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United Nations Environment Programme
Division of Technology, Industry and Economics
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Newsletter and Technical Publications
<International Source Book On Environmentally Sound Technologies
for Wastewater and Stormwater Management>

5.1 Wastewater characteristics (Topic a)

It is not an easy task to report what may be Regional wastewater characteristics. In developed countries, where sewage collection and treatment serve the vast majority of communities and people, it is rather trivial to identify per capita average and limits (e.g, using standard deviation) for sewage flows and analogous figures for BOD, COD, SS, N, P, etc. In contrast data normally collected in the Region quite often does not show the real situation because they reflect only what is happening in the sewered sections, which is not the prevailing situation, of all the various sewage collecting basins.

Nevertheless data collected from communities with homes and businesses utilising piped water and sewers in Central America (also valid for South America), have the following typical pollutant composition of domestic sewage:

Total Suspended Solids (TSS) 200-300 mg/L
5-day Biochemical Oxidation Demand (BOD) 200-250 mg/L
Chemical Oxidation Demand (COD) 350-450 mg/L
Total Nitrogen as N 25-60 mg/L
Total Phosphorus as P 5-10 mg/L
Oil and Grease 80-120 mg/L

In unsewered areas, but served by septic tanks, the typical pollutant composition of septage in communities of Central America (also valid for South America) is as follows:

TSS 10,000-25,000 mg/L
5-day BOD 3,000-5,000 mg/L
COD 25,000-40,000 mg/L
Total Nitrogen as N 200-700 mg/L
Total Phosphorus as P 100-300 mg/L
Oil and Grease 2500-7500 mg/L

There are many examples in the countries of the Region where areas which are reasonably sewered co-exist along side others which are poorly served and, even worse, with nearby slums and squattered areas whose people convey their sewage downstream using their own resources and means, i.e., at no help provided by the sewerage utilities. This is especially the case in the Regionís largest cities where these three typical areas, namely the adequately served, the poorly served and the non-served are in most cases adjoining each other. In turn this makes things even more difficult, if not nearly impossible, for a valid assessment of overall wastewater characteristics.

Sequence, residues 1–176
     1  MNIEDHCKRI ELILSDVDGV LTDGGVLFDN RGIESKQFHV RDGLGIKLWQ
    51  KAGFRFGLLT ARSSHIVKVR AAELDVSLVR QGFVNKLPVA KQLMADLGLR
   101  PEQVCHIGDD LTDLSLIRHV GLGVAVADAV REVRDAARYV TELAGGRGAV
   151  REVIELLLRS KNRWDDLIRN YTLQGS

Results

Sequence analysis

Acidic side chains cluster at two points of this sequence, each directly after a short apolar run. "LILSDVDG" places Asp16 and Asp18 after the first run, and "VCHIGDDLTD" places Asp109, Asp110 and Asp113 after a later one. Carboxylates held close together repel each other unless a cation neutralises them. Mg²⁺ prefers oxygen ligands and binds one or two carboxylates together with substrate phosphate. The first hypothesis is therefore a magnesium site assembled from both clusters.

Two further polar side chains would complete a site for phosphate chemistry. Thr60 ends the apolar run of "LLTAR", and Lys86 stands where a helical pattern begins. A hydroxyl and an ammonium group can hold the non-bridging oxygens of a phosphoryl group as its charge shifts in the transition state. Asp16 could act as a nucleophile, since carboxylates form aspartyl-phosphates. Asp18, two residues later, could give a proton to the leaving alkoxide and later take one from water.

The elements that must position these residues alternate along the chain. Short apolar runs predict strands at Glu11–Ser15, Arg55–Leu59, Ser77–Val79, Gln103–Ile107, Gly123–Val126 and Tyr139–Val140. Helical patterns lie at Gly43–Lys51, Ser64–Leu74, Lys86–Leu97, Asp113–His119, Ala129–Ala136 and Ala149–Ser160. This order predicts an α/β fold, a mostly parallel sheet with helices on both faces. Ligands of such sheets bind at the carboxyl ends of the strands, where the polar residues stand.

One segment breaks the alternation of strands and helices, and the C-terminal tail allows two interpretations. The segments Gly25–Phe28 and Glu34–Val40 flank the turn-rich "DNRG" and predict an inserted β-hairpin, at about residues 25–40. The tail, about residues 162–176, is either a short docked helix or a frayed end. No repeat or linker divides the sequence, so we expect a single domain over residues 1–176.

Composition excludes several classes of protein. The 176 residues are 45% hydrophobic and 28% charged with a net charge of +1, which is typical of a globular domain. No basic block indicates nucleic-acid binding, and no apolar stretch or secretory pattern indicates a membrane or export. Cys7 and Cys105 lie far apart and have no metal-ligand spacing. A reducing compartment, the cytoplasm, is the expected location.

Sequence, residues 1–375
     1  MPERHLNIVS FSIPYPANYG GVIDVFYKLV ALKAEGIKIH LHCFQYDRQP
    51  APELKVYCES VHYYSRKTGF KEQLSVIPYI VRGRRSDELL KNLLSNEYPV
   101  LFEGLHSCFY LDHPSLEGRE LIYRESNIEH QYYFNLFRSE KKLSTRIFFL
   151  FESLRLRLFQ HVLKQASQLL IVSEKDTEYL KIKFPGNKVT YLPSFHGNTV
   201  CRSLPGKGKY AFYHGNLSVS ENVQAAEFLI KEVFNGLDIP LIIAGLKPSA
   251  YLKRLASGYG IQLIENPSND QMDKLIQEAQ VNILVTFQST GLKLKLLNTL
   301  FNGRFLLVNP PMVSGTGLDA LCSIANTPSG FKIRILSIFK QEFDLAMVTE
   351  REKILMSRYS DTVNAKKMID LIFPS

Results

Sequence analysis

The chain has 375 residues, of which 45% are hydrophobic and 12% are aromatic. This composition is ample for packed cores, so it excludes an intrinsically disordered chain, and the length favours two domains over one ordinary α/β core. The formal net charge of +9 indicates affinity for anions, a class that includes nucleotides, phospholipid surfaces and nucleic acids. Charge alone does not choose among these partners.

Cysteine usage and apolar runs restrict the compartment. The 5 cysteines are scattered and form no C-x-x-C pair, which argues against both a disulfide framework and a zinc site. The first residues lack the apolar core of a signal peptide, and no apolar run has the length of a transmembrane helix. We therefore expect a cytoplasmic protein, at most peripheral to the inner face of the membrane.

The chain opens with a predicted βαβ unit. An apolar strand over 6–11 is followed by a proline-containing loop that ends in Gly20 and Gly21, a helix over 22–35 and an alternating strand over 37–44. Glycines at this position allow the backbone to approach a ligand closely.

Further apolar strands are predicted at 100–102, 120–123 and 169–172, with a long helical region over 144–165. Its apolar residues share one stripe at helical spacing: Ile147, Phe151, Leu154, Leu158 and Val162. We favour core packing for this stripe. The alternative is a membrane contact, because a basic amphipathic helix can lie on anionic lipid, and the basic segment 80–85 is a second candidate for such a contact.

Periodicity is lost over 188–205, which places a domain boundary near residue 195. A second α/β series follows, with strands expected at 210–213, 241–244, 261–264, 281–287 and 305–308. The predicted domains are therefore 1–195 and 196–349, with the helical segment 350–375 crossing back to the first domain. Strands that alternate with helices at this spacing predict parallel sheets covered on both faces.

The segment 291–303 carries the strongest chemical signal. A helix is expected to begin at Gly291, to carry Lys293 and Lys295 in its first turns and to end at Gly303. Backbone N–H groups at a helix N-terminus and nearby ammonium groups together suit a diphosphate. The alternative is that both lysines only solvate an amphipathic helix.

In short it might be most accurately said that in the Regionís wealthy areas wastewater characteristics are similar to the ones encountered in the First World cities. An exception occurs when the solid waste systems and not sewers receive food debris. In this case, which occurs quite often, sewage tends to be weaker (low organic concentration). In the low-income served areas the sewage tends to be even weaker again given the reduced food consumption.

As a general rule, which is frequently valid for the Region and non-developed countries as a whole, domestic sewage originating mostly from households, public facilities, and businesses, is still the most significant contributor to water body pollution. Even so, in some specific areas of the Region industrial wastes discharged into sewers or channels significantly worsen wastewater characteristics beyond domestic sewage contributions. This happens not only in the most industrialized cities of the Region but also in specific areas close to oil refineries, mining exploitation sites, petrochemical and industrial complexes, etc. In the Regionís agriculture areas the overuse of pesticides and fertilizers have dramatically worsened the quality of wastewaters draining into downstream channels.

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